Superintendents Talk About Parents: The Problem

Superintendents Talk About Parents: The Problem | ParentChat with ReginaOnly 32 percent of superintendents in a nationwide Gallup poll agreed or strongly agreed that “parents in my school district have a good understanding of our district’s academic model and curriculum,” according to the report of the November poll, Understanding Perspectives on Public Education in the U.S.—Results of a Gallup Survey of K–12 School District Superintendents: Survey 2. Almost as many superintendents (27 percent) disagreed or strongly disagreed, and the rest gave a neutral answer. While this was only one question in the survey, which covered a variety of topics, it is the question that concerns me the most.

So, let’s say this again: Only about one-third of superintendents thought that parents in their own district had a good understanding of their own district’s curriculum. So sad. (By the way, I am setting aside the notion of whatever Gallup meant by “academic model,” because even after 40 years of experience in curriculum and assessment I have no idea what “academic model” means.)

I am not blaming parents for the low score. It is hard for parents to get a good understanding of their district’s curriculum without help from the administrators and teachers in their district. Too many districts don’t provide that help. The Gallup poll numbers actually just confirmed that.

Over the years, I have met my share of administrators and teachers who didn’t really want parents to get too involved with the district’s curriculum. Their view was that curriculum is something that professional educators should develop and then protect. That attitude explains, in part, the low score.

But, what should districts do to give parents a good understanding of the curriculum, if most of us—at least most of us parents—can agree that it would be a good thing for parents to know what their kids are learning?

Well, many districts have some kind of curriculum night in the fall when parents come to school and meet with their kids’ teachers to hear about what students will be studying during the year. That’s fine, though it is difficult for lots of parents—especially parents who work more than one job or parents who work nights or parents who travel for work or parents who have to stay home with small children—to get to school on that one evening for such an event.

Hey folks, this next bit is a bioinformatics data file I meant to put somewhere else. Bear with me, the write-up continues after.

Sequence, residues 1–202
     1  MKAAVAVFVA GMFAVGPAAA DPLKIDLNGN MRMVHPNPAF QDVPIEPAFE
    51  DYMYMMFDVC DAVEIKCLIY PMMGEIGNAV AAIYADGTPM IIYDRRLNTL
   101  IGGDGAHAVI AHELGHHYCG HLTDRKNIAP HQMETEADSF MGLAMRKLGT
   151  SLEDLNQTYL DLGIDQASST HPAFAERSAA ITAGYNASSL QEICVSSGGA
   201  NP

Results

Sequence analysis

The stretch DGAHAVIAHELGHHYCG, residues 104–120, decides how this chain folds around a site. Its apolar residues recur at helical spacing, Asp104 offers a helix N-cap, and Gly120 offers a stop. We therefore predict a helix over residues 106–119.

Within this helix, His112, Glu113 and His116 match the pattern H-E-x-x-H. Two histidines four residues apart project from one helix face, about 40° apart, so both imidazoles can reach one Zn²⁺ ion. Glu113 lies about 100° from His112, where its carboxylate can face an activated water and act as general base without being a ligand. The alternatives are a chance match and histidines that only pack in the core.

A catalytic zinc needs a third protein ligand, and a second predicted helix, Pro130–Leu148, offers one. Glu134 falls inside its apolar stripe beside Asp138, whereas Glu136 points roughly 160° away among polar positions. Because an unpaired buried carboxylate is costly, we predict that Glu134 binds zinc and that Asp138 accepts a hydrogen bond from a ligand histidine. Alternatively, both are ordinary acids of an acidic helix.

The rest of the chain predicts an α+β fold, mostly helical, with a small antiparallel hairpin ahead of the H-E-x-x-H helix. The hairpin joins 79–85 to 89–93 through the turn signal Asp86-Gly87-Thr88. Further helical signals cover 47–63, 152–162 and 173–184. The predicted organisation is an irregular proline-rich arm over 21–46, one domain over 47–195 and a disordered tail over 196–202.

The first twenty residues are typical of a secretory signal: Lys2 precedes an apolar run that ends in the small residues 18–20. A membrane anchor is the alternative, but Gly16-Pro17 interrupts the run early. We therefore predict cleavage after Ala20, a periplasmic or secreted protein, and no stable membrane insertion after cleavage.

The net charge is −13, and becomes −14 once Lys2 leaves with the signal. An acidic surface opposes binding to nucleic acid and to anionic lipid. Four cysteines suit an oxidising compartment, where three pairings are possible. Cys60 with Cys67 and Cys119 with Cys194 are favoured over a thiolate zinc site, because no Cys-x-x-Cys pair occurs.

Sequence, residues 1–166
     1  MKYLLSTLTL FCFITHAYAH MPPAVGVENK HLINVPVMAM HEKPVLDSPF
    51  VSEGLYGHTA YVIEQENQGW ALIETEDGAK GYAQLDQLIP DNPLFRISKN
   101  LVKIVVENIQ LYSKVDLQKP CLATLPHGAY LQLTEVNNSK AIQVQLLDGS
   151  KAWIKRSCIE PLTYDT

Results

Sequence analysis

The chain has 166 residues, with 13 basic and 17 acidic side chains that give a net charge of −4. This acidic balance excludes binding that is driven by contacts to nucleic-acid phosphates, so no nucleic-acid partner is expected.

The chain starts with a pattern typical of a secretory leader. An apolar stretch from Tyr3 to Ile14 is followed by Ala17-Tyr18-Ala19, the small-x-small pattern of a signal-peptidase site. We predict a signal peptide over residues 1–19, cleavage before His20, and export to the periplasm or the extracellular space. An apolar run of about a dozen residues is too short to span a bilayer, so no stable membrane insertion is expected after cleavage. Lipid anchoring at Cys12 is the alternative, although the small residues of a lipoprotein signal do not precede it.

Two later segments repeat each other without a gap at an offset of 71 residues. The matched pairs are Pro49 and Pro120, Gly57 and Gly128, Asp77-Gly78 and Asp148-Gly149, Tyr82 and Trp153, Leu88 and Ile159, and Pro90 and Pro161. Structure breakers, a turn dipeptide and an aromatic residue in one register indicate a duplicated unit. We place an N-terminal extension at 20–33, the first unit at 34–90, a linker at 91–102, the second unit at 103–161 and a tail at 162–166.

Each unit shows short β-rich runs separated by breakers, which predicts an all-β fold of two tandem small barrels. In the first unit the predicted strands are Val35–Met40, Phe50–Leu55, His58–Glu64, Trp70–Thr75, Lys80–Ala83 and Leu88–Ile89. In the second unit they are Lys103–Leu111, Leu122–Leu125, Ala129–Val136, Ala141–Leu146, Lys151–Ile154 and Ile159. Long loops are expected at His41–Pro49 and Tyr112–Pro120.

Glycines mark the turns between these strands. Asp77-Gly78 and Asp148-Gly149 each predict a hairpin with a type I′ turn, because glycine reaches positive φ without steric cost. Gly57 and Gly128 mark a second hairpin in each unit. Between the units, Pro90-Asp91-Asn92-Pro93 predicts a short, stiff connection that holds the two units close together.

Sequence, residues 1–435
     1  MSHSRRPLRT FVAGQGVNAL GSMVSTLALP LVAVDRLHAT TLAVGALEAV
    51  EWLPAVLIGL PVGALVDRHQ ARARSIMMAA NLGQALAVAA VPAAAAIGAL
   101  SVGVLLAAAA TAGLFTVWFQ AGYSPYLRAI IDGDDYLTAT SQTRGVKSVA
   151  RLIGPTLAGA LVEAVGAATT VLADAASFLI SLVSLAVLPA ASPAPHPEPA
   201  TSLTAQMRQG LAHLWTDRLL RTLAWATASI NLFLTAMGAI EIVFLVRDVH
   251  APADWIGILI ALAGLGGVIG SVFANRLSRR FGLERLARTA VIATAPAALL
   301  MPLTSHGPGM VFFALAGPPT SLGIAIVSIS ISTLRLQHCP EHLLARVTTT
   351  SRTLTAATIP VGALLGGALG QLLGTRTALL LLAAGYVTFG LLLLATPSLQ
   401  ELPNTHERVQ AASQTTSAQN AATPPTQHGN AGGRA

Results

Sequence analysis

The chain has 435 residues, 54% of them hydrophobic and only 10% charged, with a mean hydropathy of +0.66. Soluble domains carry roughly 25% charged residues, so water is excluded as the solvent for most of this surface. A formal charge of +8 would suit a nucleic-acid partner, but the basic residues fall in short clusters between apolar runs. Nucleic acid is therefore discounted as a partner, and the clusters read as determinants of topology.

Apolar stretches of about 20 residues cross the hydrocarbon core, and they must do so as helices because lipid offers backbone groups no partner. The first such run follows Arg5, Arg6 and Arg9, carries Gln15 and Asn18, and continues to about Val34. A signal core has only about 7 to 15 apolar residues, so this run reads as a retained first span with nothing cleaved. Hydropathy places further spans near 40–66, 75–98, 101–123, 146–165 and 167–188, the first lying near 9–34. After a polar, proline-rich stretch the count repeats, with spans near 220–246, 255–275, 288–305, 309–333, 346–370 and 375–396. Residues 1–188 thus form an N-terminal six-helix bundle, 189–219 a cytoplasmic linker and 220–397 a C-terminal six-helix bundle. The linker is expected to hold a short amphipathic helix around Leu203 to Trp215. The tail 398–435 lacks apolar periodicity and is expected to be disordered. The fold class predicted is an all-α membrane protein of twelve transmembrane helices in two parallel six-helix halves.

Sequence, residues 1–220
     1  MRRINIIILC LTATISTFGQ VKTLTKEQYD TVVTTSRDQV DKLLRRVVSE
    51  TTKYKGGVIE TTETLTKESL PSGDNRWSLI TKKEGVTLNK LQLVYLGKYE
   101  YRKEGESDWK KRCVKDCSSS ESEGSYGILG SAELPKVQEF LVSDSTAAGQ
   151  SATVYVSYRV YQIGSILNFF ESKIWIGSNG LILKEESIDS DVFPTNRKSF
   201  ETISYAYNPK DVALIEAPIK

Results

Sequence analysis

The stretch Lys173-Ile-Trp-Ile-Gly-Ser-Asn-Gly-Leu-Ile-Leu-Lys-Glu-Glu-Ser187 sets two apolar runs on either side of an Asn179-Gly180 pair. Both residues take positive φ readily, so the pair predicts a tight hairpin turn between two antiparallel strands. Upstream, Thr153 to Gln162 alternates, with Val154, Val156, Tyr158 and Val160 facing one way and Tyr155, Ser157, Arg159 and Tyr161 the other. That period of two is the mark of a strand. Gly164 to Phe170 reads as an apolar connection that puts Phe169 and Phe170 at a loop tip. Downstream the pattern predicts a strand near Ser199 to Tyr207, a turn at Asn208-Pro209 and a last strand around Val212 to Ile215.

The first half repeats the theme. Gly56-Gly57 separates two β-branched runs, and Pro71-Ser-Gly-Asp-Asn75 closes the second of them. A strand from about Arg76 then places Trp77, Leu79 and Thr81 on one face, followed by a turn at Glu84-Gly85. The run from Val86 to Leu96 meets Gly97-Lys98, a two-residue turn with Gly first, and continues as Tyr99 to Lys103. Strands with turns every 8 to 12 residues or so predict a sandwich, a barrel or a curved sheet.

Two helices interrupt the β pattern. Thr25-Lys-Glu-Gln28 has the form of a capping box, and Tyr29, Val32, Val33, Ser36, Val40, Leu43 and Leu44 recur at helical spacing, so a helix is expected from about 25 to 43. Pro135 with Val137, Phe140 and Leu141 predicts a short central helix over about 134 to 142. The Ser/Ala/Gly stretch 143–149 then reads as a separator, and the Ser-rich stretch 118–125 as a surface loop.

Many districts ask their teachers to hand out an overview of the grade or the course for parents and students on the first day of school. Most of what is usually in those overviews, however, is not curriculum. Curriculum is what kids learn—not how teachers teach or how teachers judge learning or how teachers run the classroom and discipline the students. There is very little actual curriculum in those teacher-generated overviews.

Many districts these days put their curricula online on their websites. A parent can simply click on the curriculum for third grade math or middle school social studies or high school biology. I’ve done that. Sometimes those curricula are clearly written and informative. Sometimes they are just confusing, containing a mixture of state standards, learning objectives, instructional resources, methods of assessment, and more. It can be hard for a parent to sift through all of that in order to get an understanding of the curriculum. In some cases, of course, a parent might not have easy access to a computer to check out the curricula. In some cases, the curricula on the website might not be provided in the language that a parent speaks.

I wonder how many of the superintendents who did not agree that parents had a good understanding of the curriculum—that was, in total, 68 percent of them—have done anything at all since the poll was taken last November to improve that situation in their own district. Making the effort to help parents gain that understanding is entirely in their control, of course.

So, what’s the solution? Stay tuned for the next installment of ParentChat with Regina. I promise you a solution and the steps parents (and their superintendents) should take before the next Gallup poll. Parents, we need the superintendents to give you a higher score.

ParentChat with Regina: Getting a Handle on What Matters in #Education #parents

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